Tag: solo

Solo cross-country flights complete, end of course checkride approaching

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solo cross country flights complete end of course checkride approaching - Solo cross-country flights complete, end of course checkride approaching

Returning to Boeing Field after my solo cross-country flight to Port Angeles, Wash. That’s the Seattle skyline in the foreground, Bellevue in the middle-right, and the Cascade Mountains in the distance

This is a continuation of my multi-part series on learning to fly. You can read the whole Fly With Francis series here.

So, it’s been a while since I’ve written an update, but that doesn’t mean I’ve not been making progress.

Since the last installment, I’ve done my three cross-country solo flights – they’re a requirement for the PPL, and consist of several solo flights away from one’s home airport. Cross-country meaning, you know, crossing the countryside and not a transcontinental flight in a small plane, which would take a couple days at best.

Requirements for the cross-country flights are that the each one has to include one leg of at least 50 nautical miles and a full-stop landing. For the long cross-county, the flight has to be a minimum of 150nm and include one leg of at least 50nm and full-stop landings at three airports, including returning to the point of origin.

For my flights, the first one was from Boeing Field (BFI) up to Port Angeles on the Olympic Peninsula. It was a spectacular day – completely free of turbulence, hardly any other air traffic, and clear as the proverbial bell.

The second one was the following week, from BFI to Chehalis, Washington, a bit south of Olympia. It was far more normal, with usual amounts of air traffic and slightly bumpy/windy conditions.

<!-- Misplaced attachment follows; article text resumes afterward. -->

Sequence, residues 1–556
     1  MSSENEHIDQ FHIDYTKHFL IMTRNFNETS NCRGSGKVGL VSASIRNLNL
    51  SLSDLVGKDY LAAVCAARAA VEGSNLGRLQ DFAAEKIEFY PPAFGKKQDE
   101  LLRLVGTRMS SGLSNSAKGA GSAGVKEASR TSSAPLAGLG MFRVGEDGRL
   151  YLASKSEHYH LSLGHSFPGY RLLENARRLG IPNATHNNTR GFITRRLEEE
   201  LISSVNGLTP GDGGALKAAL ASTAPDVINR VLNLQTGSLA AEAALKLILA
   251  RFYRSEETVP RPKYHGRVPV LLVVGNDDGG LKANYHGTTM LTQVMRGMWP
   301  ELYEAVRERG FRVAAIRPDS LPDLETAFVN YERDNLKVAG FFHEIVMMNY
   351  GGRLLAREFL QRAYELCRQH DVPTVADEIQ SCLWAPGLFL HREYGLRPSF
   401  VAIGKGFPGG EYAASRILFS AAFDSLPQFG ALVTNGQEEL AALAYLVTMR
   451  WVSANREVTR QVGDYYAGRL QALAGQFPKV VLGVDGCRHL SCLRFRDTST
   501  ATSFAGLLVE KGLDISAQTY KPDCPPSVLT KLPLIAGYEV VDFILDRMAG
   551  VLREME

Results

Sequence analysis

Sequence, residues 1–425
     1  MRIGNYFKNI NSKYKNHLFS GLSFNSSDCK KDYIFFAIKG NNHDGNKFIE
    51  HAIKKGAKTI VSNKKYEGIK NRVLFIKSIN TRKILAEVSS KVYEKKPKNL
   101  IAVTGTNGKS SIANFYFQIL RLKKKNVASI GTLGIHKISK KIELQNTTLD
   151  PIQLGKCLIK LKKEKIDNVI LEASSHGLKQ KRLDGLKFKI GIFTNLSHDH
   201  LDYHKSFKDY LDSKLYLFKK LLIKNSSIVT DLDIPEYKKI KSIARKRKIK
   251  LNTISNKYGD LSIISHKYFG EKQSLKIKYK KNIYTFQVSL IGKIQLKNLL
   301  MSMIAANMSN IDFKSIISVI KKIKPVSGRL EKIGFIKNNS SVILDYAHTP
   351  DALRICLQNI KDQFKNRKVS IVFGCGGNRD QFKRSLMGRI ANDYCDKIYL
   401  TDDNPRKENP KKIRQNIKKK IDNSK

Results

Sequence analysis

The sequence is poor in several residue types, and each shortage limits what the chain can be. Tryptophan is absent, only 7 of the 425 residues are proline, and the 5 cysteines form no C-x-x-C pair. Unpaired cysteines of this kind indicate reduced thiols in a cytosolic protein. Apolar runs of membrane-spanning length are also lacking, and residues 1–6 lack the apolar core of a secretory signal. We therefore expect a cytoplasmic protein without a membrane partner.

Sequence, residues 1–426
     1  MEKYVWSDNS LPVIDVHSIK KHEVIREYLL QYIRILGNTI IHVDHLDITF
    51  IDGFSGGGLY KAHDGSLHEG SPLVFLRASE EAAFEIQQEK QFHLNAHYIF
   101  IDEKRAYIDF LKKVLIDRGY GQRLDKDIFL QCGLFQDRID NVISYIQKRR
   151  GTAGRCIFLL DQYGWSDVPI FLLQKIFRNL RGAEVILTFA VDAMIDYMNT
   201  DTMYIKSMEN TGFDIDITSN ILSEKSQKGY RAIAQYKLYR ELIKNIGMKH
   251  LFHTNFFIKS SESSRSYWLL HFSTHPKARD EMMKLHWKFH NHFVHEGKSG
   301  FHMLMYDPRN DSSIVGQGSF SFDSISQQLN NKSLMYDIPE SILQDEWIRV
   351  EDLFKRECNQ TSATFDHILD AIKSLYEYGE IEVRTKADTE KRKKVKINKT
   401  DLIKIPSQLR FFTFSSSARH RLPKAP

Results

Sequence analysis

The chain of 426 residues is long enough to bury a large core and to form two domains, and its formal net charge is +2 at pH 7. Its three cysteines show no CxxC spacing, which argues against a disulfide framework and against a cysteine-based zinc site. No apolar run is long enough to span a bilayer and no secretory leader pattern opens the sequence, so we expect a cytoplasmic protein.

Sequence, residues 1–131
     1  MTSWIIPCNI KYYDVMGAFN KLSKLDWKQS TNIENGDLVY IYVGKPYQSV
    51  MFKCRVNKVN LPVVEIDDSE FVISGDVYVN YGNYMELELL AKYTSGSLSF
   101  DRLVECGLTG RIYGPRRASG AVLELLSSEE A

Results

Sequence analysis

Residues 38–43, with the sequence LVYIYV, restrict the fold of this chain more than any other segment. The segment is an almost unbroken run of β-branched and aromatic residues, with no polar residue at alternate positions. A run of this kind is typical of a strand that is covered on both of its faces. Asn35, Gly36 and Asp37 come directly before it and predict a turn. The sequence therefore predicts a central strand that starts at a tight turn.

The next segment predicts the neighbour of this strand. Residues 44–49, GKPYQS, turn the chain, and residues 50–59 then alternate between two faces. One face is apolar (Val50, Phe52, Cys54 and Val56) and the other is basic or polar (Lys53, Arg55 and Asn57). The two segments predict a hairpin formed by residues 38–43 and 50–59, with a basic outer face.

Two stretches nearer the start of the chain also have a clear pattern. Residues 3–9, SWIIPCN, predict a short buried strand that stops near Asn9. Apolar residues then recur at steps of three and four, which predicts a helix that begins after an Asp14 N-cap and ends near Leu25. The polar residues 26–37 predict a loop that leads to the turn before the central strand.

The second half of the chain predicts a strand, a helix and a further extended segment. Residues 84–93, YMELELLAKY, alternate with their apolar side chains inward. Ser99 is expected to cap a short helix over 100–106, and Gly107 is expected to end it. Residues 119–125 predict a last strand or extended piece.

solo cross country flights complete end of course checkride approaching 4 - Solo cross-country flights complete, end of course checkride approaching

My flight planner for the second half of the long cross-country flight

The long cross-country went like this: BFI-BLI-PAE-BFI. I started at Boeing Field, flew up to Bellingham International, then stopped at Paine Field on the way back to Boeing Field. It also went really well, thanks to how diligently my CFI (aka instructor) had prepared my navigation skills.

solo cross country flights complete end of course checkride approaching 5 - Solo cross-country flights complete, end of course checkride approaching

This was taken just a bit northeast of Paine Field in Everett, Wash., on my third cross-country to Bellingham International Airport

While flying, especially at this stage of my training, I’m pretty busy flying and navigating and communicating, so photos are still few and far between, taken only when I’m absolutely certain I can spare a couple seconds to pick up the camera off the passenger seat and grab a couple quick photos.

solo cross country flights complete end of course checkride approaching 6 - Solo cross-country flights complete, end of course checkride approaching

Northbound from BFI, headed for BLI

So, what’s next now that those milestones have been completed? The next steps are to prepare for Galvin’s stage three checkride, which is essentially a mock FAA checkride. If I pass both the oral and flight portions of that one, I’ll ostensibly be prepared for the big FAA checkride, which, if passed, will finally earn me a private pilot certificate.

Preparation for those items is well underway, and includes dusting off all my textbooks and notes, and doing a bunch of flights with my CFI to practice all the necessary maneuvers until I’m able to consistently fly them to standard.

solo cross country flights complete end of course checkride approaching 7 - Solo cross-country flights complete, end of course checkride approaching

The instrument panel in flight

Speaking of standard, the weather in the Pacific Northwest has been performing to standard, too. It’s been trending cool and cloudy with low ceilings, so I’ve had to cancel several flights due to marginal weather conditions. Now that August is here, things should settle in for summer so I can keep the training chugging along as I approach my end-of-course checkride and, hopefully soon, my FAA checkride.

For instance, a few days ago I had to cancel my local solo fight today due to low ceilings. Of course, about 30 minutes after my scheduled start time, it all cleared out. So it goes with flying.